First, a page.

PORT-AU-PRINCE – A deadly pig virus is spreading in Haiti and has so far killed thousands of animals. The first cases of Teschen disease were discovered in February in the Artibonite region. But the highly contagious disease has since spread to the Bas Plateau Central as well as the Southeast, North and West departments according to the Secretary of State for Animal Production, Michel Chancy.

Porcine Encephalomyelitis, commonly called Teschen after the town in the Czech Republic where it was first discovered, poses no risk to humans or to other animals. But in a country where pigs represent a crucial investment for peasants, their loss is a terrible economic blow. “It’s like a peasant’s bank account,” says Dr. Max Millien, Head of Haiti’s Animal Health Service. “A peasant fattens his pig and when he needs ready money to send his kids to school or to pay for a funeral, he sells it.”

While Dr. Millien says the government does not have the resources to measure the full extent of the disease’s toll, in some parts of Artibonite that were studied, approximately one third of the pigs were infected, and 20 to 25 percent of those died.

While there is no cure for the disease, Haiti, with the help of the Food and Agriculture Organization, has been scouring the globe to find the vaccine – so far without any success. Dr Millien says they’ve reached out to 42 laboratories and none of them produce it anymore.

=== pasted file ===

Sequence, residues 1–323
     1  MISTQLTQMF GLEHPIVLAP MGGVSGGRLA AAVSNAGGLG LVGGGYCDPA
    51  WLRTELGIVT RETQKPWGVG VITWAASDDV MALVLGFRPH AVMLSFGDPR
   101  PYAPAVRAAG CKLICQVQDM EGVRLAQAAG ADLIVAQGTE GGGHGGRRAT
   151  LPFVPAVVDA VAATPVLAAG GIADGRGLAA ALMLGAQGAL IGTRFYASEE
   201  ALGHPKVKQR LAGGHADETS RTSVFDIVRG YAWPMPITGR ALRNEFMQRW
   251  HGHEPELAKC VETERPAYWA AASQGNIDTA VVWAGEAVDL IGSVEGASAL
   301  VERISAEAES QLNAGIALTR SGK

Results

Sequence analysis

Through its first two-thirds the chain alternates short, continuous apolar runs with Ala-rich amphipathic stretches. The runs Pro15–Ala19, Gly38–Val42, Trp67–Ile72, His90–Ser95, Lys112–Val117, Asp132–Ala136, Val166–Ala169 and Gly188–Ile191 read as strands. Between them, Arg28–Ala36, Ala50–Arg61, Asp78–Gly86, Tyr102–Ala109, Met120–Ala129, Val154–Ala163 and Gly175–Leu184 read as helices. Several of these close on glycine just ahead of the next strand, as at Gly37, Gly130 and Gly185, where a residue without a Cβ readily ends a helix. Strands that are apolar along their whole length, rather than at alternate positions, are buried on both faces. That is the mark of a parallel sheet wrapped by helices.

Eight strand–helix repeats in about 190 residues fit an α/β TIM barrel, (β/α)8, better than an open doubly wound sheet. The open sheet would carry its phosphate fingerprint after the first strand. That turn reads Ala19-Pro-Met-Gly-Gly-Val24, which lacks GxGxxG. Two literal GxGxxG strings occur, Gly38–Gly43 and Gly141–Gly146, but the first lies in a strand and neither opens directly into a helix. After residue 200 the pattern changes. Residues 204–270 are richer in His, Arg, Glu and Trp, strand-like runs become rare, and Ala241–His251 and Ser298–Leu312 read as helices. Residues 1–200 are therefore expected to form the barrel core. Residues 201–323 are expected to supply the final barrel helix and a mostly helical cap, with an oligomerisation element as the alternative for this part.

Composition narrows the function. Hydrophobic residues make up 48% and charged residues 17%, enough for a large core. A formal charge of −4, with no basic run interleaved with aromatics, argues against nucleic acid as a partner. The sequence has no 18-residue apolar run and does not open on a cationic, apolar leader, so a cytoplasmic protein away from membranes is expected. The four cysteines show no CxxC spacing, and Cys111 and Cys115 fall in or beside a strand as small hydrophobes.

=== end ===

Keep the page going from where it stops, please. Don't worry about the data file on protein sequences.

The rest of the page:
Dr Millien says that for many industrialized countries Teschen “is thought of as a disease of the past, and because it’s a disease of the past, laboratories aren’t interested in producing the vaccine.”

Another more promising source might come from a nearby lab in the Dominican Republic or in Cuba which, with FAO support, might be able to produce the vaccine,s says Dr. Millien.

As they work on locating a source for the vaccine, the Ministry of Agriculture is advising its veterinarians on how to not inadvertently spread the disease when they go from farm to farm – something that happened earlier this year. Meanwhile a public service campaign broadcast on community radio stations is advising peasants to limit the exposure of their animals to humans and other pigs.

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